Another important element is the description of the conflicts within the Communist League which already arose during the Revolution 1848-49 especially concerning any cooperation with democratic Liberals, conflicts which deepened substantially after the defeat of the Revolution. There were several reasons for these conflicts. In a number of the League’s branches positions existed which were not in keeping with the new scientific basis of the political stance of the League, but remained based on utopian socialism. The Brussels communists had accepted that the League could make room for divergent positions. These divergences broke out after the defeat and following the return to an exile existence in London on the part of a large number of the League’s members. In fact, the League split into two groups, and the majority of the London members joined the Willich-Schapper organization (the Sonderbund). Whereas the “Marxists” quickly understood that the Revolution had been defeated, the Sonderbund believed that it could be resurrected on the basis of military actions. Lattek deals thoroughly with the Sonderbund’s activity and final decline in 1853. Here she provides us with new insight, as this part of the history of the Communist League has not, to my knowledge, been analyzed in such detail before.
In addition to the League, London had a Workers’ Educational Society for German workers, whose membership at times reached several hundred. This body constituted a kind of external organization for the Communist League. Here also we find new material. 1861 saw the enactment of an amnesty in Prussia aimed at most of the participants in the 1848-49 Revolution, which meant that many of them could now return home. This led to a major shift in the development of the socialist and the liberal opposition. The “colony” in London lost its importance for developments in Germany, something which, in turn, changed its character –- it was no longer a politically dominated exile group with its face turned towards Germany, but a group of immigrants which, in the longer term, was integrated into British society.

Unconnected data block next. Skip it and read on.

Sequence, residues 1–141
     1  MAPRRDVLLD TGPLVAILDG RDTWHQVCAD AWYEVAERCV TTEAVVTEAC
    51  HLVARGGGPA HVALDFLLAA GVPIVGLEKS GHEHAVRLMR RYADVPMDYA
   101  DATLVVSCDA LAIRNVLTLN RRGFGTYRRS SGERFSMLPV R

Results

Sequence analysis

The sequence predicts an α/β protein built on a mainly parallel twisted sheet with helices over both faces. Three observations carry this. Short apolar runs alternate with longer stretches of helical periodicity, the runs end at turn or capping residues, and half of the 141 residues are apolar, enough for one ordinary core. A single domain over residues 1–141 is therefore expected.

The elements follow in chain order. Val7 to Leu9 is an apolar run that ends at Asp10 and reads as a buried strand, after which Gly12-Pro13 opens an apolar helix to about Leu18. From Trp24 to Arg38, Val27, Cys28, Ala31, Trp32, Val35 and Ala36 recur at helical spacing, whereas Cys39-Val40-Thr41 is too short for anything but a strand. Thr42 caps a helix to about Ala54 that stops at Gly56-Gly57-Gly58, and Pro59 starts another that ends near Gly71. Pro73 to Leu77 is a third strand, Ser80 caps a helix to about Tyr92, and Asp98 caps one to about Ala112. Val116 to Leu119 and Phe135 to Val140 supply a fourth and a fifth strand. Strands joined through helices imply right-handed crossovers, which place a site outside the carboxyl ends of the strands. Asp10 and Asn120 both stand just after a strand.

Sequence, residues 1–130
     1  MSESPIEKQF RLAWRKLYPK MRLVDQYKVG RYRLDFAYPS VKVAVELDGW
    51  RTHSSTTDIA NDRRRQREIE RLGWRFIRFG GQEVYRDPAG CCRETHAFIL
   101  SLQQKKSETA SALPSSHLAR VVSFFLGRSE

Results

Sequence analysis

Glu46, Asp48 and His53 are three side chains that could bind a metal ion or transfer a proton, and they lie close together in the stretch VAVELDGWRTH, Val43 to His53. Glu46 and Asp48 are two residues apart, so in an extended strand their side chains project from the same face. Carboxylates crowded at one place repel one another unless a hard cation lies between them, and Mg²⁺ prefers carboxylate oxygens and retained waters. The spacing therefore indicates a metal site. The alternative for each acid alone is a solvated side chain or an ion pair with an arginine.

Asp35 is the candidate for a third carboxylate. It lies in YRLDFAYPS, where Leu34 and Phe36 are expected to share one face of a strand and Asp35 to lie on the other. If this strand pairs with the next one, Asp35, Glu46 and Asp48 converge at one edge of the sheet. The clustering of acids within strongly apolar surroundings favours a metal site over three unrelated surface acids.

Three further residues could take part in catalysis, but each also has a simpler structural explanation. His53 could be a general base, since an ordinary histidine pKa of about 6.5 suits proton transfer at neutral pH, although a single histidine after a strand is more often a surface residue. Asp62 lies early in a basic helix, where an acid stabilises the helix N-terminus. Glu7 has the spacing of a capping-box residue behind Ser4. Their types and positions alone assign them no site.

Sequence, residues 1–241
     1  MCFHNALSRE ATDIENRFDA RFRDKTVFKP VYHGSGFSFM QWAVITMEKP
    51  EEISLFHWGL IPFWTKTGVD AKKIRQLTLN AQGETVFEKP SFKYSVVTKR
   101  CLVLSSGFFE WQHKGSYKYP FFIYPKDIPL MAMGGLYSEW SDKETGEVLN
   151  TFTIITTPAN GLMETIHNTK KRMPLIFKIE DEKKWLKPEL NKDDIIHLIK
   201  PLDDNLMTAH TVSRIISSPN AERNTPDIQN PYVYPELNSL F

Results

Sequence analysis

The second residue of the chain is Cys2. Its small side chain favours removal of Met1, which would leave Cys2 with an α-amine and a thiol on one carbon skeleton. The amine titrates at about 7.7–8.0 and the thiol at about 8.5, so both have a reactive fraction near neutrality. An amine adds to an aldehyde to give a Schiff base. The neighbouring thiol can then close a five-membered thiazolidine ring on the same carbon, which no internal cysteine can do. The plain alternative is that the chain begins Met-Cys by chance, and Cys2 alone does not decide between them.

In a final chapter Lattek outlines the course of events among Germans in London up to 1914, including, in particular, the role of the German Workers’ Educational Society. To a certain extent this latter organization gained new importance in the period 1878 to 1890, a period during which the labor movement in Germany suffered serious repression. The German Social Democratic Party published an illegal weekly during those years, initially in Switzerland, but following its ban there, in London (1888-90). Also Johann Most lived in London from 1879 to 1883, after which he and his weekly, the Freiheit, went to the United States where he became a leading anarchist.
The book’s argument is sometimes insufficiently clear. For example, in describing developments within the Communist League and the German Workers ‘ Educational Society, the author often fails to pinpoint which of them is specifically meant (e.g. pp. 122, 124). In other passages the author’s line of reasoning is ambiguous, and unfortunately the work contains a few errors relating to persons. A comparison with other cities having numbers of German emigrants could have provided greater depth.
The book makes much new material available to readers who do not master the German language and is also important in that it reminds us that the links between political emigrants and worker migrants, epitomized in the German workers’ organizations in London, may influence developments in their country of origin. Other more recent reminders of this are the liberation processes in, for example, South Africa or Chile, as well as the ongoing struggles elsewhere.
Reviewed by Gerd Callesen